04/30/2012 - A closer look at the Texans' picks: Round 4/99 - Ben Jones, C/G, 6-3, 304, Georgia...The second-ranked center in the draft cn also play guard, according to Texans coaches. He's a younger version of Pro Bowl center Chris Myers. - The Sports Xchange
The SEC is largely recognized as college football's most talented conference. Much of this sentiment is due to the conference's exorbitant talent along the defensive line. Put simply, the SEC churns out athletic big men with a frequency that other conferences simply haven't matched. As such, when there are offensive linemen capable of handling the weekly "Murderer's Row" of SEC defensive linemen, they earn high -- sometimes surprisingly high -- grades from pro scouts.
Perhaps because of the commonality of his name or the fact that he's been overshadowed by skill position players and even fellow offensive linemen while at Georgia, but few fans realize how highly regarded Jones is in the scouting community. Jones possesses a prototypical NFL frame for the position as well as relatively good athleticism and technique.
A durable, consistent performer Jones started all four seasons of his career with the Bulldogs and looks the part of a long-time NFL starter.
Jones lacks the elite size or athleticism that has forced NFL teams to use first-round picks on centers in recent years. His relatively low "ceiling," could allow him to slip into the middle of the second day. There are few prospects at any position in the 2012 draft, however, with Jones' "floor." He may not be flashy, but should compete for a starting position immediately and has all of the intangibles to maintain that role for a long time.
Pass blocking: Good initial quickness and recognition. Made the line calls. Impressive anchor. Absorbs some big punches against quicker, powerful DTs/NGs and after a short step back is able to hold his ground well. Good lateral agility to slide and mirror. Looks for someone to hit when not covered up. Could gain more explosiveness in his initial punch or when helping others.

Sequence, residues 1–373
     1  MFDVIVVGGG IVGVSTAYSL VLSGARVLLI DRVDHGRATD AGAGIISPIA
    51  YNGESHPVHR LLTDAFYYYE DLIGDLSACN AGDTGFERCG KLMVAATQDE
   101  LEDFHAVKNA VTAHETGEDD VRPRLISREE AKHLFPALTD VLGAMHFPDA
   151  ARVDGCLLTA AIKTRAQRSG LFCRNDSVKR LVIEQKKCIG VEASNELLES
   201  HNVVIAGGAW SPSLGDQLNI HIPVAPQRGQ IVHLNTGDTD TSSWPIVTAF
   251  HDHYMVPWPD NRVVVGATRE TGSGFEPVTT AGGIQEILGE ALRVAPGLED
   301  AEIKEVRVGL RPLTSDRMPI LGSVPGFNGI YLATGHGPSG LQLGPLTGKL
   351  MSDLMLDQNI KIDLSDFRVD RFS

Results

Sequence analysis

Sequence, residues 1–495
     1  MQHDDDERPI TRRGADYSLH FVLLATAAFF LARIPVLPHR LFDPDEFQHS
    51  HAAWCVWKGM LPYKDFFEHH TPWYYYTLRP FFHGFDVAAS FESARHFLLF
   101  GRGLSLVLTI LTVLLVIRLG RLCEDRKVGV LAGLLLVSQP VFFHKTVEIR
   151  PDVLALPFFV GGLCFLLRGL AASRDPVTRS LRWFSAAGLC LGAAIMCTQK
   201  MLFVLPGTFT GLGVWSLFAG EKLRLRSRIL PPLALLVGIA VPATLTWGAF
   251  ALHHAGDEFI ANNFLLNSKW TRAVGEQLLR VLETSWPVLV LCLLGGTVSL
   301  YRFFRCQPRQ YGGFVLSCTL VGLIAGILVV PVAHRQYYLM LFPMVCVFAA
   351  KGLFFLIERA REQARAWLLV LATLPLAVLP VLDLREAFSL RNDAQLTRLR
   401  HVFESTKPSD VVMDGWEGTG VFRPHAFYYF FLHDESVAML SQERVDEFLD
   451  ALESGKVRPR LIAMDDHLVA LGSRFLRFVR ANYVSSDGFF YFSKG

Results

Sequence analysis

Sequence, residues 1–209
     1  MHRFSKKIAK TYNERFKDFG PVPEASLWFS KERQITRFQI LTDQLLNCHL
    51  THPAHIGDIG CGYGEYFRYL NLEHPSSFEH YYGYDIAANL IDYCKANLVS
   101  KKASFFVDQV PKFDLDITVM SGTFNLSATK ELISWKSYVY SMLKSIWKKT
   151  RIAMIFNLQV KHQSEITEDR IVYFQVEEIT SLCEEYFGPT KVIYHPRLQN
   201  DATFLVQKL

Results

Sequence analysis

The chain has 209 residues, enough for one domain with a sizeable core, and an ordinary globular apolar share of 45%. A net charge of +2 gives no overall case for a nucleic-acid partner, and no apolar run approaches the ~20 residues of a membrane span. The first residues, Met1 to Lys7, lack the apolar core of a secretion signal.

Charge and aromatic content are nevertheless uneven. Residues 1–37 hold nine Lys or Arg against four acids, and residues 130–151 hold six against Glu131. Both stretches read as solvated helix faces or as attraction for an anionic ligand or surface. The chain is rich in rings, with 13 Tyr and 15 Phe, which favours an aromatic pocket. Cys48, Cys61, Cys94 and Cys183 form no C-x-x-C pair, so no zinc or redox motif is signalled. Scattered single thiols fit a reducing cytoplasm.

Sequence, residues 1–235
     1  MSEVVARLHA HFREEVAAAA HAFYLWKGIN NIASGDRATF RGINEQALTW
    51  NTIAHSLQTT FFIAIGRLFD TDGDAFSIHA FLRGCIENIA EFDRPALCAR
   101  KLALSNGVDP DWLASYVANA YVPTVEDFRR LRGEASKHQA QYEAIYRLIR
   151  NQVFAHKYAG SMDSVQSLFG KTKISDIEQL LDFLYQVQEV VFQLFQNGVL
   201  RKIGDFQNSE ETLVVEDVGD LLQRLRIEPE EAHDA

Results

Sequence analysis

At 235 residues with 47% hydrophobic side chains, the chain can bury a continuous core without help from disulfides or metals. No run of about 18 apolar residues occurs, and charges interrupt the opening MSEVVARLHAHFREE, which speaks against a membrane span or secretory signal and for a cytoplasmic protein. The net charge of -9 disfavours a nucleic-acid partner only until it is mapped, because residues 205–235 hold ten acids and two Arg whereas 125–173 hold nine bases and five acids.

Run blocking: Good initial quickness off the snap to turn and seal off the defender. Possesses good size and strength for the drive block, as well, but comes out lunging, at times, and doesn't have the balance to correct himself and recover. A bit inconsistent with his hand placement, as well, getting too low and leaving himself vulnerable to effective swim moves.
Pulling/trapping: Not asked to pull from this scheme, but shows good initial quickness and recognition as a trap blocker. Allows the defender to sneak in and then shows good power to turn, seal off and often pancake his opponent.
Initial Quickness: Arguably his best trait. Possesses very good initial quickness in handling snap responsibilities (adept at shotgun, regular) while getting his hands up to handle the middle. Efficiently gets to the second level.
Downfield: Though quick to the second level, Jones has only average lateral agility and balance, overall. He struggles a bit re-directing against moving targets and too often gets his hands outside of the pads (though he's rarely called for holding). Good effort downfield and when he is squared up on his target, he demonstrates some nastiness, resulting in some impressive pancake blocks.
Intangibles: Started 48 games over his career -- all of them at center. He was twice named the SEC Offensive Lineman of the Week in 2011, earning it in back to back games against Auburn and New Mexico State. Was named to Georgia's Team of the Decade. Has been recognized throughout his career for leadership and toughness, including earning the offense's True Grit award at the conclusion of 2011 spring practice. Graduated early from high school to enroll at Georgia in January, 2008.